By Karen Mannino Monday October 28th 2013
The passage in St. Paul’s letter to the Romans where he asks them not to set a stumbling block before a brother comes to mind often these days as cultural discussions of our time heat up. The debate over hot button issues, I have found, are full of stumbling block. Heck, we don’t stop at blocks we’ve got walls up to defend our convictions that anyone discerning a change of opinion must actually scale at his peril before he can join us. Getting down just to negotiate is at least as hard. Why do we do that, anyway? But then, the sorts of stumbling blocks I see most often are not easy to decry, because they are so much fun.
Laughter, my friends, can be a stumbling block.
Paul talked about Intimacy a few days ago. In every social situation, I am hoping for intimacy. When others respect me, and even reach out to find out who I am, that is a friendly place where intimacy can exist. Laughter is often a way to create this atmosphere and make everyone relax and open up. Misused, of course, it can have the opposite effect
We are all having a good time at a social gathering, when James asks an innocent question of Brian. Brian feels that the plain answer is a bit socially risky for one reason or another, or he doesn’t really think he owes James an answer, so he makes a joke of it. He answers with an exaggerated opposite of the truth and waits for James to catch the subtle sarcasm in his tone. He gets a general chuckle from everyone who catches it, and James even smiles, acknowledging that he has been had. Suddenly, there is a change in the atmosphere. Now everyone is listening for openings in the game. James “walked right in to that one” and Brian “couldn’t let it pass.” A fascinating game of hide and seek draws everyone in. We are often drawn to sarcastic characters in dramas. (I always think of House. I don’t know anyone who can do sarcastic quite as well as Hugh Laurie.)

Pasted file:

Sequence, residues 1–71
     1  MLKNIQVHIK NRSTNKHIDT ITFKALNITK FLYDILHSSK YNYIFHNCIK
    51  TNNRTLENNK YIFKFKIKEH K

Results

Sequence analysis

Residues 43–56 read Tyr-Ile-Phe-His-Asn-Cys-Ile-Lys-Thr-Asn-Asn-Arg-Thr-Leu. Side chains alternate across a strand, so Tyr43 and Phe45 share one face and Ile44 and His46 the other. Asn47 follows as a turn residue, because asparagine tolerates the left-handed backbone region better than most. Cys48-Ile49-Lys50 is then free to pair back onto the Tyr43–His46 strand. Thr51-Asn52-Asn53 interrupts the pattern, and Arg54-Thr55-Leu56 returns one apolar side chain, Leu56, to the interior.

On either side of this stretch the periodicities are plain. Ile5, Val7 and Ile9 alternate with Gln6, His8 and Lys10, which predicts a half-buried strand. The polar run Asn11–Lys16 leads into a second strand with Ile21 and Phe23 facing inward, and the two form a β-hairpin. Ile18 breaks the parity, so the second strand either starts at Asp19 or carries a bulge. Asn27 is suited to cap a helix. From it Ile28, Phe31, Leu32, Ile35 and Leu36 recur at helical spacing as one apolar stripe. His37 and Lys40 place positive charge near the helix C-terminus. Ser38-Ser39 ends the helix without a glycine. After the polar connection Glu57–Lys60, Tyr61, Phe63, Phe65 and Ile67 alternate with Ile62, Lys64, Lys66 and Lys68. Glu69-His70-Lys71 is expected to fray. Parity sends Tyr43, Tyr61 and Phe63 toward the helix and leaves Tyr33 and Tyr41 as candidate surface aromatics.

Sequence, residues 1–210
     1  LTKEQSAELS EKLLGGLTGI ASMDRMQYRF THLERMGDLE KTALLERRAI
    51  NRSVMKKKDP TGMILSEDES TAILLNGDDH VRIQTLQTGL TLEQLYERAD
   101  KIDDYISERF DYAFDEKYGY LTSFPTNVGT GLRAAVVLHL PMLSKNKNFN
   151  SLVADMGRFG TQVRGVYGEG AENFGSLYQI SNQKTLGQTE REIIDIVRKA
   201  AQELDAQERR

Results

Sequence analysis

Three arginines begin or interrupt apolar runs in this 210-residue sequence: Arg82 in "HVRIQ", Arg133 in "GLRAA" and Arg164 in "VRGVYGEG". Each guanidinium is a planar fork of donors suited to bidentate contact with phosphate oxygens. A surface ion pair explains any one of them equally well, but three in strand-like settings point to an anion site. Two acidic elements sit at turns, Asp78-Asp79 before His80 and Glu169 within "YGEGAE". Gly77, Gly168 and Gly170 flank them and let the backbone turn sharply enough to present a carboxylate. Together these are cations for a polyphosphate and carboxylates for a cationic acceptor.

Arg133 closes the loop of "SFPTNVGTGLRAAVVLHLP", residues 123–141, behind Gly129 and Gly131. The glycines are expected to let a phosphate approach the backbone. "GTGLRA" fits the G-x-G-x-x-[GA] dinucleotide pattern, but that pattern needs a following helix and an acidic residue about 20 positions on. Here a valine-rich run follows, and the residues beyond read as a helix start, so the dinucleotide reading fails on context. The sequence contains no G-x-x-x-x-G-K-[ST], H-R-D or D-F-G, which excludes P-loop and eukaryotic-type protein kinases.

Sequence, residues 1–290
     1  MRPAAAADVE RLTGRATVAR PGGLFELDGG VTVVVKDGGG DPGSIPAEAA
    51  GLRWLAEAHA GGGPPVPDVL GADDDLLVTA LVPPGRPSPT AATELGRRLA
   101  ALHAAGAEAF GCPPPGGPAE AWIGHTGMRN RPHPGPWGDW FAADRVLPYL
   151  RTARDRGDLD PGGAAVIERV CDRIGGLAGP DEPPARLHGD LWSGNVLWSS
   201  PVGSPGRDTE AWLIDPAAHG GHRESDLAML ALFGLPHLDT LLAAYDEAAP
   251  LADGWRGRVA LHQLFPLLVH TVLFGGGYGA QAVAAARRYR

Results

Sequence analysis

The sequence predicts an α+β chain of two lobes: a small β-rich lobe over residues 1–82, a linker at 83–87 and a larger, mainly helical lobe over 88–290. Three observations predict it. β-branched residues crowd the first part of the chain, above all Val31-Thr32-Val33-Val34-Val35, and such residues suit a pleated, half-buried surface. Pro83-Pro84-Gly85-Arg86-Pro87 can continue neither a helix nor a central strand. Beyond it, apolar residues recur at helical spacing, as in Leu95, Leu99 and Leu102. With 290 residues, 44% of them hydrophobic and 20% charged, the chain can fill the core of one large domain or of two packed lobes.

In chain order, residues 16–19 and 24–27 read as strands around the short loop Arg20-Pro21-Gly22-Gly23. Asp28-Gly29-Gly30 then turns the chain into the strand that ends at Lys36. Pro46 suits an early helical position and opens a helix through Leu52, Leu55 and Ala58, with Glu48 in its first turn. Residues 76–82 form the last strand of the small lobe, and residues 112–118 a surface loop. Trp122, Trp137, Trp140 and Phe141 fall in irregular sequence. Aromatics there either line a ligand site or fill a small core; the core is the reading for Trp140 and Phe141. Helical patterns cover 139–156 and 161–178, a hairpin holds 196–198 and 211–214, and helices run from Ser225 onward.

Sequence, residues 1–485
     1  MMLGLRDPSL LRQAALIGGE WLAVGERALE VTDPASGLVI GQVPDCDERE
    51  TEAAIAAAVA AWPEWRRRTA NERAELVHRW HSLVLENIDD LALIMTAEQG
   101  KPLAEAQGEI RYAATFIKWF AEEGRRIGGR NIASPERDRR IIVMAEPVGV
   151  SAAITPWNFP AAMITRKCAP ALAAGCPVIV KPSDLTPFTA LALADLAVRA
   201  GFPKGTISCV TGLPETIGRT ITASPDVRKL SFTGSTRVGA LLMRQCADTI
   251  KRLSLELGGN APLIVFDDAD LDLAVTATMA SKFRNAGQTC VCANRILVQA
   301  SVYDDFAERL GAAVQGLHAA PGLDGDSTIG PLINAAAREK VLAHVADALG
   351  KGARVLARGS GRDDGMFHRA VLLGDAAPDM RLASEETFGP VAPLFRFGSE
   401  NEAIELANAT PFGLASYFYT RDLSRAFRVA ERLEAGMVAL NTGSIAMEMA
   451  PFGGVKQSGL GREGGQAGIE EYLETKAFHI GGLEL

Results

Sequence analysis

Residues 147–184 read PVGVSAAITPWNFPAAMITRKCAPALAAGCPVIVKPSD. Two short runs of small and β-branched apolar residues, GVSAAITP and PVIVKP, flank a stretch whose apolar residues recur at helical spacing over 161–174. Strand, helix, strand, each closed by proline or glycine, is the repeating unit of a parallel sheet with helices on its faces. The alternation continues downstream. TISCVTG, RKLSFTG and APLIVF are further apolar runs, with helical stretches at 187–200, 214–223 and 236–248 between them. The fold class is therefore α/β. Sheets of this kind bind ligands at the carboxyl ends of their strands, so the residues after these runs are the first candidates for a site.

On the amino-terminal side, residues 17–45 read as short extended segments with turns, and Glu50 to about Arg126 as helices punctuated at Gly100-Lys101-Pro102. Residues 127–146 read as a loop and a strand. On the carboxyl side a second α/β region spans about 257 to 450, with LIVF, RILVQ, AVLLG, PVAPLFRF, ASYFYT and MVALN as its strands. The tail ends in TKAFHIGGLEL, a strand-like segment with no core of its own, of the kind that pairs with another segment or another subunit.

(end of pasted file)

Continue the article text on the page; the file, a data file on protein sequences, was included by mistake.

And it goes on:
Sarcasm is the use of irony to mock or convey contempt. That’s the definition in my little dictionary app. I think people often mistake irony for sarcasm. There is a difference. It is in how it is used. It’s rather rare to find sarcasm used without some malice. That’s what the game of hide and seek really is. But we are laughing so we think we are making friends.
I often see, in our cultural discussions on a wide variety of topics, that when people disagree, they tend to mock each other. Instead of engaging the opposition, the culturally accepted response is to turn to the people standing by on your own side of an issue and parody the opposition for laughs. The temptation is great. I guess we all argue from a set of values, and an argument on a different set of values comes across as pretty ridiculous when I try to make it fit with mine. Straw men are funny. The argument might have bones, but we would have to actually talk to, and take our opposition seriously to find out what they are.
And here is where we stumble. You can’t have sarcasm and vulnerability at the same time. And guess what is necessary to intimacy and love?
When all the laughter dies away, we are not friends, we are people who have mocked each other for amusement. I don’t know anyone better than I did before. I certainly don’t understand the people who disagree with me. If I want to be understood, I have to seek and reach out to people I don’t understand. If I have been mocking my opposition, using sarcasm to heap scorn and getting laughs from all watching, what are the chances that I will be able to drop it all and ask “why do you believe this way?” To seek intimacy after wearing so thick a mask would mean that I would have to open myself to the sarcasm and scorn of everyone around me. After all, whoever drops their mask first loses. It is very hard to call off the game.
And the person I want to understand, to know as a person, will find it difficult to trust me after I have torn her convictions from their foundations, stuffed them with straw and set them on fire for the amusement of my friends. On top of it all, if I manage to open myself up to her, trying to explain why I believe the way I do, she must first step over the large block of my scorn before she can even hear me. We all know how hard it is to swallow pride. Why make it harder?
Karen Mannino holds a BA in studio art from Aquinas College. She lives in Washington State.